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David Bradley plays Abraham Setrakian in The Strain, and through the magic of transatlantic Skype sat down to discuss his latest project.

‘The Strain’: An Interview with Actor David Bradley

If you don’t immediately know the name David Bradley, you certainly recognize his face: Harry Potter‘s Argus Filch, Game of Thrones murderous Walder Frey (the perpetrator of the infamous Red Wedding), the farmer in the hilarious Simon Pegg comedy Hot Fuzz. The British actor is now the star of Guillermo del Toro’s new FX series The Strain. In The Strain, Bradley plays Abraham Setrakian, perhaps, ultimately, the hero of the entire piece. Bradley and spoke earlier this week via the transatlantic magic of Skype to discuss his The Strain character Abraham Setrakian, working with legendary director del Toro and more.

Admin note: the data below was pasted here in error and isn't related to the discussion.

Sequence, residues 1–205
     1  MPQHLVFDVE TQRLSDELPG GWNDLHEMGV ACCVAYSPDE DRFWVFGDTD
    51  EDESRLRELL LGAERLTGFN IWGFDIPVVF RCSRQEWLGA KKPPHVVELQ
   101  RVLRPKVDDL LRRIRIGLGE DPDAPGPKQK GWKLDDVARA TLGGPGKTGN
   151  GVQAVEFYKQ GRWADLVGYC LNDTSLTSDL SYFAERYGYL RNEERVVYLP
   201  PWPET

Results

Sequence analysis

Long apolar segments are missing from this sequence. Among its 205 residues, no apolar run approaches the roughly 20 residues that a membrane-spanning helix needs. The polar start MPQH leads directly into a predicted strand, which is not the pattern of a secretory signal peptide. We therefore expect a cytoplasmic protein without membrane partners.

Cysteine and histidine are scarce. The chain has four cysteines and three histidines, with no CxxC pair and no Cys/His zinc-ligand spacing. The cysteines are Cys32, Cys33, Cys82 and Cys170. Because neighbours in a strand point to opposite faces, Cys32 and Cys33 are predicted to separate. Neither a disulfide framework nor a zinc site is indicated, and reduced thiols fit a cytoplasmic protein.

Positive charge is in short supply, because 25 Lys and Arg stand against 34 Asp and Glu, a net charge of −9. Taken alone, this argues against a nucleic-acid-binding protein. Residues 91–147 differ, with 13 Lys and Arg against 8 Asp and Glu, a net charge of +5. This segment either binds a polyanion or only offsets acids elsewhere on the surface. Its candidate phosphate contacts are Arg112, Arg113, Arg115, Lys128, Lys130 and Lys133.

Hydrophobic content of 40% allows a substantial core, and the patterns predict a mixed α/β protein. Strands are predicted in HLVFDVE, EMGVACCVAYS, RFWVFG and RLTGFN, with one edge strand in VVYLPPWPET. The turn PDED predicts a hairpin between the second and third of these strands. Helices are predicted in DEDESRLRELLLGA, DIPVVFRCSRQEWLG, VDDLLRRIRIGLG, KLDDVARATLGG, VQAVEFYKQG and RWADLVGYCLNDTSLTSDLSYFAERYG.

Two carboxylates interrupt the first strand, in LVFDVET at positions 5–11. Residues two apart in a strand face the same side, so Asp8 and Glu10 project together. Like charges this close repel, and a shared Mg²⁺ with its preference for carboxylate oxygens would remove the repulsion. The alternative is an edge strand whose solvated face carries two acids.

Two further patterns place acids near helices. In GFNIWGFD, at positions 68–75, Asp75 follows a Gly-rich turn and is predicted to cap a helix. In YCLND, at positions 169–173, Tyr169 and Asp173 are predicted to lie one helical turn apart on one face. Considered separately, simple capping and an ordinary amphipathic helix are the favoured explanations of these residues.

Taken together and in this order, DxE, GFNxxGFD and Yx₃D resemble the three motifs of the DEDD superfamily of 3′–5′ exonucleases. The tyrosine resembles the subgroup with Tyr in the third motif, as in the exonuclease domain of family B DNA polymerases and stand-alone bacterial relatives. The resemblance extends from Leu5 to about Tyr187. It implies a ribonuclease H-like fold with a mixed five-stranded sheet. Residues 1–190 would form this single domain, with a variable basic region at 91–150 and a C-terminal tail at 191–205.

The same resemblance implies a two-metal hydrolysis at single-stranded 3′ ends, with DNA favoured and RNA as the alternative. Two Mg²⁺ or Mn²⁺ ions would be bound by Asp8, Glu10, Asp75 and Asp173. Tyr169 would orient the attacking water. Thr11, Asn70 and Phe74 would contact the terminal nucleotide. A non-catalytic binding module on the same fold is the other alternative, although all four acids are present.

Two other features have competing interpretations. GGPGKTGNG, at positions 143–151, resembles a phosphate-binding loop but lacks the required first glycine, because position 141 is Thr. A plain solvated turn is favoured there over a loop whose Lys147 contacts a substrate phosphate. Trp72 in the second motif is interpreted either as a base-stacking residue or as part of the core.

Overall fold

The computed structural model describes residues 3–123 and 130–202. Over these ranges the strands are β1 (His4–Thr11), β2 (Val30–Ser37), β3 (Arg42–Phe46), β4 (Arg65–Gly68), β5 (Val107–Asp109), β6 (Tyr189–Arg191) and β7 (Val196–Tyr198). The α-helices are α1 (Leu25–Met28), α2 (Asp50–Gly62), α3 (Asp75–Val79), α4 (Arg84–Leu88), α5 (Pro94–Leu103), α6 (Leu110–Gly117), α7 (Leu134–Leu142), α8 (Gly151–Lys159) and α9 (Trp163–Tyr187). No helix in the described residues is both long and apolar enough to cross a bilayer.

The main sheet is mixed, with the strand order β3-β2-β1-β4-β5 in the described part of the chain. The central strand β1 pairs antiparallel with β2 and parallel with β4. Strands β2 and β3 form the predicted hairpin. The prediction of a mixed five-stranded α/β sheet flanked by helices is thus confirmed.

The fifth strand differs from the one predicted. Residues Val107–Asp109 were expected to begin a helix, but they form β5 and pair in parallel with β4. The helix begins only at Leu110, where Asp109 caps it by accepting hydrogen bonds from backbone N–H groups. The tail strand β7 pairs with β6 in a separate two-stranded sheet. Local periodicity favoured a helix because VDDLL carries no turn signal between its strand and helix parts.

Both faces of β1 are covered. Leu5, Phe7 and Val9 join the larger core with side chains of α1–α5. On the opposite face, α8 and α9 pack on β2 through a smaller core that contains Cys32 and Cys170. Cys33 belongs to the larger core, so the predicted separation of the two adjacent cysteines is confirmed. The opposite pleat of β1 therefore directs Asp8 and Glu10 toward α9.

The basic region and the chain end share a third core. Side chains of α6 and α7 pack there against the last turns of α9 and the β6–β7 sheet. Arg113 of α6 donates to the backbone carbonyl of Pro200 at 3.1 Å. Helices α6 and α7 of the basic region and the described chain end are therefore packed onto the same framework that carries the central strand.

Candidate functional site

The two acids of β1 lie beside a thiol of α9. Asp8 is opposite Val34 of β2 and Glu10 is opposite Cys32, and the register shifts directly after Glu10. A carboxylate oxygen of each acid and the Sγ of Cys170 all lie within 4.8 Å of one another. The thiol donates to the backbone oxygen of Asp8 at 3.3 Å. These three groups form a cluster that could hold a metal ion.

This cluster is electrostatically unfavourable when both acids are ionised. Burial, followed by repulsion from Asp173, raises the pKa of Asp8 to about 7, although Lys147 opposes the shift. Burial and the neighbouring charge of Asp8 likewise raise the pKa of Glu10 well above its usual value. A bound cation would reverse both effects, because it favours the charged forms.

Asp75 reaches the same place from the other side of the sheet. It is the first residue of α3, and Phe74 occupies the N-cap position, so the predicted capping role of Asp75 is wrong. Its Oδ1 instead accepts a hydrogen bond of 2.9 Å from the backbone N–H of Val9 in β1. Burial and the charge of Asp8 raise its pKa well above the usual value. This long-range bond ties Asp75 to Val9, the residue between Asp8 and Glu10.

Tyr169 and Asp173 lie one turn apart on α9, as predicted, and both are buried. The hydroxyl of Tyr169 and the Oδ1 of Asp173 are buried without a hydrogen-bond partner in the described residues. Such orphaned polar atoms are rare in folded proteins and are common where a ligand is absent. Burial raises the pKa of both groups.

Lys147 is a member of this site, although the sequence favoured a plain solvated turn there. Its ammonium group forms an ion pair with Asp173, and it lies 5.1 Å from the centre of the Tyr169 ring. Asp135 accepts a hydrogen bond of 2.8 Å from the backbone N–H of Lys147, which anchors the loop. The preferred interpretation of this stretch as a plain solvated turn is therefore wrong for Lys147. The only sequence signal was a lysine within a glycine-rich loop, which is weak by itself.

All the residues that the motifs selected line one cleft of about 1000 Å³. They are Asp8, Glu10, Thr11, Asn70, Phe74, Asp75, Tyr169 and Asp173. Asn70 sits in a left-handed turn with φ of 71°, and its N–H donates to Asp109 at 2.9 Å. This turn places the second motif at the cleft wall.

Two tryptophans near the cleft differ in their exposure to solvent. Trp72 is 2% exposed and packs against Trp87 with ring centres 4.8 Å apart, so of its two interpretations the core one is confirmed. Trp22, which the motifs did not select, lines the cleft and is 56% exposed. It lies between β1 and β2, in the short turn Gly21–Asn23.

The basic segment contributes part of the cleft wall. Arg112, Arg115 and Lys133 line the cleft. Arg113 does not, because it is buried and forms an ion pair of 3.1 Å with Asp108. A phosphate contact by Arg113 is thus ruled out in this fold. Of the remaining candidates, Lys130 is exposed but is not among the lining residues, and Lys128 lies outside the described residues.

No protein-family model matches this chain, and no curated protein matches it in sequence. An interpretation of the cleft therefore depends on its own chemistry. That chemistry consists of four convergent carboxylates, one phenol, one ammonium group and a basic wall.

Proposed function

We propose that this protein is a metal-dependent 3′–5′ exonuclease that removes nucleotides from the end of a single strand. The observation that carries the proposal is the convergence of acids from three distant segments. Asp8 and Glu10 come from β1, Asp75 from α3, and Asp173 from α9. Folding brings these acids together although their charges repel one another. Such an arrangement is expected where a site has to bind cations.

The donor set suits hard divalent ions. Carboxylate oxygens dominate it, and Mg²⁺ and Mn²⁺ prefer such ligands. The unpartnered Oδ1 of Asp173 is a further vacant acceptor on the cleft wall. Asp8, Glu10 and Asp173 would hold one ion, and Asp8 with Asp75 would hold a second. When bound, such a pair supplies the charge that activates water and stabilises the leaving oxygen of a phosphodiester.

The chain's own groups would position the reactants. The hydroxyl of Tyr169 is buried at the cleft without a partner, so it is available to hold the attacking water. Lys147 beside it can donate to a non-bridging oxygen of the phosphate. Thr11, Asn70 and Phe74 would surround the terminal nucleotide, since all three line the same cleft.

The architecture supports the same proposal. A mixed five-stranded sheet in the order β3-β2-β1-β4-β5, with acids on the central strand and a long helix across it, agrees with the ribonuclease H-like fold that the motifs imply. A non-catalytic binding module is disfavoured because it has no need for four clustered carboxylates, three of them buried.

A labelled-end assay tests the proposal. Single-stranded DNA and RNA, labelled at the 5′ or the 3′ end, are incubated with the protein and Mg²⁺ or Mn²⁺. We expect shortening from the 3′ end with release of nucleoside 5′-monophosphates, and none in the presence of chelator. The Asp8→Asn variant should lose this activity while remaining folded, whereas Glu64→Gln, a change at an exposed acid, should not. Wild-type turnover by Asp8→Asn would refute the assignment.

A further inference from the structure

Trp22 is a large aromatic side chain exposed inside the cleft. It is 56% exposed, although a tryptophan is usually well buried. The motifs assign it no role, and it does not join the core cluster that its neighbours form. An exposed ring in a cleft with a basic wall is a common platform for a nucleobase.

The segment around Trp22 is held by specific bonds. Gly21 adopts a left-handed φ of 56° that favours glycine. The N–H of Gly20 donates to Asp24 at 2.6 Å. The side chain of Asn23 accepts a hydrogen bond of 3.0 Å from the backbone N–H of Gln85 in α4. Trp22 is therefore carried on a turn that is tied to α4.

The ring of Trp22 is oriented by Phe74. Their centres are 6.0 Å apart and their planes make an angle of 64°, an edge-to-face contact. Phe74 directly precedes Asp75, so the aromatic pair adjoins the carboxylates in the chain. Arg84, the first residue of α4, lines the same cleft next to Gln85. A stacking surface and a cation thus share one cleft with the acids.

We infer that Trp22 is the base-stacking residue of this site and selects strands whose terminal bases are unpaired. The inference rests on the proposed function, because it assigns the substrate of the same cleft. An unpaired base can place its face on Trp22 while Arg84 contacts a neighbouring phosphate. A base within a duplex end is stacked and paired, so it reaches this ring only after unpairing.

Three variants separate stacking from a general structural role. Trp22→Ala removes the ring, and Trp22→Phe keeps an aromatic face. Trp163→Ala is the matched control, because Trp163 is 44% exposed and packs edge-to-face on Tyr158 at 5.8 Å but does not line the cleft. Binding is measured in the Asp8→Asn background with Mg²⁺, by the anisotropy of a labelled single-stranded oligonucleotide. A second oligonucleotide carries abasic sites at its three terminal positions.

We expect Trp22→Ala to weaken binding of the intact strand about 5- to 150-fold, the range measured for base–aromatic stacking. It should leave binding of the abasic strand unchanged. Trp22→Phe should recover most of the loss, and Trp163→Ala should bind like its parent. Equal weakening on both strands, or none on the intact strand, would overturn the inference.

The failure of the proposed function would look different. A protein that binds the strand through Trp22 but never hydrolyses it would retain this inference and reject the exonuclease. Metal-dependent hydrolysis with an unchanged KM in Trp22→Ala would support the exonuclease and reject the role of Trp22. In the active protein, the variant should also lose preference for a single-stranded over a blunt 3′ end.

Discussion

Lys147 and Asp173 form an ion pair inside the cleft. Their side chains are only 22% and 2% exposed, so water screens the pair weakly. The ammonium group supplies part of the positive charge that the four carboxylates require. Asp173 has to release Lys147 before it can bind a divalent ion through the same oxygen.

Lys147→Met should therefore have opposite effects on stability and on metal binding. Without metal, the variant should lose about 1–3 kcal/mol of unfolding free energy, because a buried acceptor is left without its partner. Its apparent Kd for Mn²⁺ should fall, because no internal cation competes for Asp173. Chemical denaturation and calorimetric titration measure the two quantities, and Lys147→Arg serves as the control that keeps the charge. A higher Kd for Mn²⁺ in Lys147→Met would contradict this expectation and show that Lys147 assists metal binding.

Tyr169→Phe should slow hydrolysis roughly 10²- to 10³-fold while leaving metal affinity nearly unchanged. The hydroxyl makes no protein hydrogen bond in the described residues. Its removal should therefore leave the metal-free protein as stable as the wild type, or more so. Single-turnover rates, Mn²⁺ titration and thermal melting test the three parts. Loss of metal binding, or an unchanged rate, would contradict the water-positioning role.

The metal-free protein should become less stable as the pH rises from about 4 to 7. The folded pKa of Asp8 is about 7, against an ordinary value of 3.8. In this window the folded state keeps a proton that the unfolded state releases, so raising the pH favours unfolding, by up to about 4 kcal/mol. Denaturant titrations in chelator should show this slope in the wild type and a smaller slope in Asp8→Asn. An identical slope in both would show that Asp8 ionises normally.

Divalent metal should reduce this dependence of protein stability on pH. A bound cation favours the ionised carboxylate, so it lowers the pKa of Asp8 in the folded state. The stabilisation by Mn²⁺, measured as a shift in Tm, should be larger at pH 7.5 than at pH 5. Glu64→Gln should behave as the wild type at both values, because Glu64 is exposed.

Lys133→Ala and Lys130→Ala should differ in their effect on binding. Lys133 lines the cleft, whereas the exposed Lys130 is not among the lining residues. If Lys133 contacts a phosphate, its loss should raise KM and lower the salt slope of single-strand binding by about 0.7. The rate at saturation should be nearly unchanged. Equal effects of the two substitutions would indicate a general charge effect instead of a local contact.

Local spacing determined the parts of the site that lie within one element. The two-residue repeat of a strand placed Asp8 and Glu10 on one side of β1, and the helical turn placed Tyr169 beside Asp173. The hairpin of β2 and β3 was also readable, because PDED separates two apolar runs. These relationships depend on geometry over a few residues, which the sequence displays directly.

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Although Setrakian is physically fragile in some ways (he has a bad heart), the character is far from defenseless; something the 72-year-old actor found quite compelling. Nearly the first time we see the elderly pawnbroker, he is taking on two young men and the elderly man prevailing, and proving more than adept at wielding weaponry. Hmm. There is something quite different about Setrakian. “He is a survivor, driven by revenge against consummate evil. Abraham is the only one who knows how to deal with this plague, and he has been waiting a long time to confront The Master,” he said.

Bradley was attracted to the project when he learned that the series had been created by acclaimed film director Guillermo del Toro. He noted that working with the legendary horror director was a huge draw, bringing him to Toronto to film The Strain.